Eggs! Color & Quality

If you’re a backyard chicken keeper, there is really nothing compared to the eggs your “girls” provide for your family. The eggs are not only delicious, but there is something so fulfilling about raising your own food. Heading out to the coop each day to collect your breakfast is one of the most rewarding parts of chicken keeping!

If you have different breeds of chickens, you may have a variety of egg colors. If you’re one of those people who “only eats white eggs”, do your research and make sure you have the appropriate chickens. My very first chickens laid mostly white eggs. My second flock laid mostly brown. I’m eagerly awaiting my current flocks’ “first egg”.

I have Barred Plymouth Rocks, Buff Brahma Bantams and Black Jersey Giants. These ladies should lay mostly brown eggs. I’m not picky as far as color goes, but I picked these breeds for their winter hardiness and docile natures. Eventually, I’d love to add some Easter Eggers to our flock to try and get some blue and green eggs as well. It really is personal preference.

Raising healthy chickens is vital to egg quality and taste. I love to use Chicken E-lixir™ in my water. This promotes healthy digestive systems, immunity, egg shell quality, and also contains electrolytes to make sure your girls are staying hydrated. The added bonus is that your flocks will love the taste! They’ll literally “flock” to it!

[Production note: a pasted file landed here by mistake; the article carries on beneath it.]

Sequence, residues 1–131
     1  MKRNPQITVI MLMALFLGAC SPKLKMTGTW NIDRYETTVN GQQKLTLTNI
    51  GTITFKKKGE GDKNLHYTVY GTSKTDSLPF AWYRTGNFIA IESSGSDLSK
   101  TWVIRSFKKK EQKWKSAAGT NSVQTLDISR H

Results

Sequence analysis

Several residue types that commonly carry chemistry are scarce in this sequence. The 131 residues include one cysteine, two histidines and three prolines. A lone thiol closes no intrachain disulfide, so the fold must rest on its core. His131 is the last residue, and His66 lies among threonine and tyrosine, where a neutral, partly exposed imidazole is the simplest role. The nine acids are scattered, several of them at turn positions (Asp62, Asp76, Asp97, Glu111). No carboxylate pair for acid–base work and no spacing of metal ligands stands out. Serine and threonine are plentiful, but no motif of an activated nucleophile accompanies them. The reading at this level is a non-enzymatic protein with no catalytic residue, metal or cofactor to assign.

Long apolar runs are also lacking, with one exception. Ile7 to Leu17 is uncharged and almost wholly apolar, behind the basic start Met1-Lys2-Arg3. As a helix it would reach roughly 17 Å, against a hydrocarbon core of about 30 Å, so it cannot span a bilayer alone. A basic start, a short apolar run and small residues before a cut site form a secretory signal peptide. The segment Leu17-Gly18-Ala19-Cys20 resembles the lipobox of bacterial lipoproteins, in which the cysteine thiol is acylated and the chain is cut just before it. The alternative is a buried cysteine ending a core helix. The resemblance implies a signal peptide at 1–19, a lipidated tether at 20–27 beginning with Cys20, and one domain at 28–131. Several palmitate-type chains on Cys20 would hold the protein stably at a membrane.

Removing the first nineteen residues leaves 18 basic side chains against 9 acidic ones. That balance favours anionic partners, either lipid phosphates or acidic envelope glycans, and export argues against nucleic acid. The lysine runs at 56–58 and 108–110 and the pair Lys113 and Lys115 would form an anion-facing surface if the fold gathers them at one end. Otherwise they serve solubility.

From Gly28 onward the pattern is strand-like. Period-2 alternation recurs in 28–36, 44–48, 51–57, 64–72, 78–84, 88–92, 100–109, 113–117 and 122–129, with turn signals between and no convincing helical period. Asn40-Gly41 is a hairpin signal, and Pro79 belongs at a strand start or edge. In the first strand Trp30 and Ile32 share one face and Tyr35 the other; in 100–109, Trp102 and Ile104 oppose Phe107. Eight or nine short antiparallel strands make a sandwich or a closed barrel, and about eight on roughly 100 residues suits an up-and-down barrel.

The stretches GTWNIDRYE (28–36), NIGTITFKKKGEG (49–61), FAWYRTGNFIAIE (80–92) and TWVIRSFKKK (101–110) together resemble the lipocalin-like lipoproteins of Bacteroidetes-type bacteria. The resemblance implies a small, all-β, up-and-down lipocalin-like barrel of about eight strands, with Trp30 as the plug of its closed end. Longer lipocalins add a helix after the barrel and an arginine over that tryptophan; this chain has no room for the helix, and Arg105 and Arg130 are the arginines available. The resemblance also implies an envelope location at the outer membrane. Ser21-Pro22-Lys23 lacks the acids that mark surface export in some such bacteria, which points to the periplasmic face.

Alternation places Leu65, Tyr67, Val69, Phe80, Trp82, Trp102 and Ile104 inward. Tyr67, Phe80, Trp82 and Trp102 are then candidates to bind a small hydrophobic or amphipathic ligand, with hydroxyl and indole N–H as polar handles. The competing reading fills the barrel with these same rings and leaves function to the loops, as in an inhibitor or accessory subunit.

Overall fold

If you are wanting a variety of egg colors, you can definitely make that happen! However, when choosing your chickens, please take into consideration your weather patterns and environment, and if the desired breed thrives in that location.

When I was researching egg color, I came across a great reference from the Fresh Eggs Daily® blog by Lisa Steele. She references which breed of chickens lay what color eggs. If you want a rainbow of egg colors, I would invite you to check out her post.

Tips From Annie

  • Make sure you’re feeding your hens a quality chicken feed.
  • Make sure they always have plenty of fresh water available.
  • If your eggshells seem thin, you can provide your hens crushed oyster shells. This helps regulate their calcium needs when they’re in the prime of their laying.
  • Allowing your gals to “free-range” and have the opportunity to eat plants and insects will also enhance your egg quality.
  • Use Strong Animals Chicken Essentials products to promote health and vitality.
  • Spend time with them! A happy hen will be a good producing hen.

Published by Annie

Annie Wing is the author of Strong Animals Chicken 101 blog. She is a busy mom with 3 active kids. Annie and her family reside on an acreage in the Redwood River Valley in Minnesota. She enjoys gardening and her absolute favorite pastime is doting on her 28 chickens!